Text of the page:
During the late Eighties, I shot ATA trap a fair bit, but never cleaned 25 in a row, even though I had bought a really nice Beretta 682 Trap gun. While I haven’t shot trap since then, I must admit that shotgunning is a much more comradely sport than is pistol or rifle shooting, as there is time for friendly conversation while having at it.

LA County also did its fair share to cook our gooses. The county fairgrounds were the scene of the largest gun shows in the state and the number one money maker for that facility every year. In an orgy of political correctness, gun shows were banned and they cooperated with the Forest Service to close all the public outdoor, unimproved shooting areas within the county.

I did finally go jackrabbit hunting a few times in the desert and made two trips to Pennsylvania during the 1990's for the deer opener. I also managed to harvest a small sow pig on San Juan Island, off the coast of Oxnard, in the mid-1980's, before (you guessed it) Clinton and the Nature Conservancy turned the islands into a National Monument.

The wild pigs were released in the islands by Spanish explorers in the late 1500's as a food source, but they were “non-indigenous vermin” and were exterminated by professional hunters. Thus, animals that had been there for nearly 400 years became extinct, the state lost some hunting license revenue, several (required) guide companies lost their businesses, a local chartered light aircraft company lost their business. This atrocity didn’t matter a whit to the powers that be.

I also participated in a few matches with IDPA, the International Defensive Pistol Association, founded by noted pistolsmith and manufacturer Bill Wilson of Arkansas, to learn shooting from concealed carry positions. These matches were interesting in that there were no protracted times for shooters to practice the course of fire before the match, which leveled the playing field a bit. My attitude was to use the match as practice.

I’ve come to two conclusions about Los Angeles, two little tongue-in-cheek reasons the pistol was so interesting to me, besides the evident challenge of shooting them at any distance. First is my observation that within the city, there are too many sardines in the can, meaning that overpopulation made quality of life pretty tough. The second was one I discovered when I moved up to Oregon, which is, “In L.A., we have no deer to hunt, we hunt each other.” I’m not going to say that all of L.A. is fraught with roving gangs and drug dealers, but gang culture is certainly there and L.A. is the original home to many of them. It is now the drug importation capital of the country, displacing Atlanta, Georgia about a decade back. Suffice to say that I had enough of the one-party political machine that is California and made plans to leave, which finally happened in 2003.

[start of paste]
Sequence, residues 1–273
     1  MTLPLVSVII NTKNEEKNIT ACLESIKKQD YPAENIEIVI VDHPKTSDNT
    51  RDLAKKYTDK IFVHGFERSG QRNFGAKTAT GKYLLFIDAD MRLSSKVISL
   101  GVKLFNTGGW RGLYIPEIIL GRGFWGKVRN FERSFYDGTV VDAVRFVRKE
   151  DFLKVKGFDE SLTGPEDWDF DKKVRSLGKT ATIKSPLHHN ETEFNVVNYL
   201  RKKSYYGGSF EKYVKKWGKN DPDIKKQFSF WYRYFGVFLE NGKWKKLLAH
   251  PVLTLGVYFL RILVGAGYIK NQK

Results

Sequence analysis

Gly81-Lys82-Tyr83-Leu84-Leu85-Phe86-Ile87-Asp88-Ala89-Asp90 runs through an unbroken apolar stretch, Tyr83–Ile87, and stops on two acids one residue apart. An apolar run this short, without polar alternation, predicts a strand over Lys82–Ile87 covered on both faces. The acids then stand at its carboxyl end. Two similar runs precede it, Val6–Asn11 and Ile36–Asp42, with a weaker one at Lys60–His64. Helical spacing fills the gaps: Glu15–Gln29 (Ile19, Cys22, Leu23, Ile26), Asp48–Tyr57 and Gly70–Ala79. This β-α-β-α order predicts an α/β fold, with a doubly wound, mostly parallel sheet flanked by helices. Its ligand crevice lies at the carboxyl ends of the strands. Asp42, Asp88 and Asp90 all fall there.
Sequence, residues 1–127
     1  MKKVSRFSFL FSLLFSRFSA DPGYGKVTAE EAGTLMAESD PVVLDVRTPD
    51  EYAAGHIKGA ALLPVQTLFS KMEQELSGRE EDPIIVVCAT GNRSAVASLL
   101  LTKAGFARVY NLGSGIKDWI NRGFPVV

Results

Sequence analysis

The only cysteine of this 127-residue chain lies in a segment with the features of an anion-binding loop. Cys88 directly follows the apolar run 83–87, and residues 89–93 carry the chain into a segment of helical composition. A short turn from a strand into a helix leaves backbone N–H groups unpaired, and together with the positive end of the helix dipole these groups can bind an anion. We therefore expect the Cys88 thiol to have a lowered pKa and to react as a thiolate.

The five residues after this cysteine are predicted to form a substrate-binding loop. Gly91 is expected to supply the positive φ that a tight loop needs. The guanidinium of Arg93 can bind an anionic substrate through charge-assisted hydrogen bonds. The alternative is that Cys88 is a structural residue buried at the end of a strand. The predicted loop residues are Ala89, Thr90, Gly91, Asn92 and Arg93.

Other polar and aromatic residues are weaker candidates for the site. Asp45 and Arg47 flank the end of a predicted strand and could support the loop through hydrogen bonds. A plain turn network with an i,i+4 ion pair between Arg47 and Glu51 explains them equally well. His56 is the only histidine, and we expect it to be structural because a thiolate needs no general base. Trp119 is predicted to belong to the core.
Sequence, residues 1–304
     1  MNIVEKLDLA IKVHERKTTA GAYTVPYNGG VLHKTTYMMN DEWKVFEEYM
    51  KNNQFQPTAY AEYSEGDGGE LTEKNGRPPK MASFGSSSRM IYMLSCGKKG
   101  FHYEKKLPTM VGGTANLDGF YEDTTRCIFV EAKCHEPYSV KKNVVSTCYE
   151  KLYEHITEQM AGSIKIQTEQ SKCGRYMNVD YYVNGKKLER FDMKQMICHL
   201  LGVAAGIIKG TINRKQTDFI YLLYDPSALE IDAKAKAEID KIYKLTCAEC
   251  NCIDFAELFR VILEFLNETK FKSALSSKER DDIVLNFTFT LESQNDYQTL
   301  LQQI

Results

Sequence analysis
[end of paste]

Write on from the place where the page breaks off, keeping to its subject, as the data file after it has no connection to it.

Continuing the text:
It is interesting that the states with the most violent crime also have the strictest gun control and concealed carry restrictions. In L.A., I wanted to carry a pistol, but couldn’t. In Oregon, a "carry on demand" state, I carry one legally, but mostly don’t think I need to, at least in my local Albany environs. However, if I lived in the Portland metropolitan area, I might feel the same as I did in Los Angeles.

I made a halting attempt to shoot service rifle matches with my Springfield M1A, but couldn’t afford the constant participation. I still enjoy shooting, mostly handguns, as a safe and relaxing sport. A lifetime activity that concentrates your mind, improves your eye-hand coordination and gets you outdoors.

There are many ways to get young people involved in the shooting sports, including hunting, competitive target shooting, trap, skeet, sporting clays, historical collecting and plain ol’ plinking with a .22. Please help to engage the next generation in our sport.

In my life thus far, I have found the handgun the most challenging and satisfying of firearms. This is also because of the environs of my upbringing. Handguns are also the primary instrument of self-defense for most people in free America. We should all be grateful that firearms allow good folks the ability to stop the evil ones in our society.

Back to General Firearms & Shooting

Copyright 2012 by David Tong and/or All rights reserved.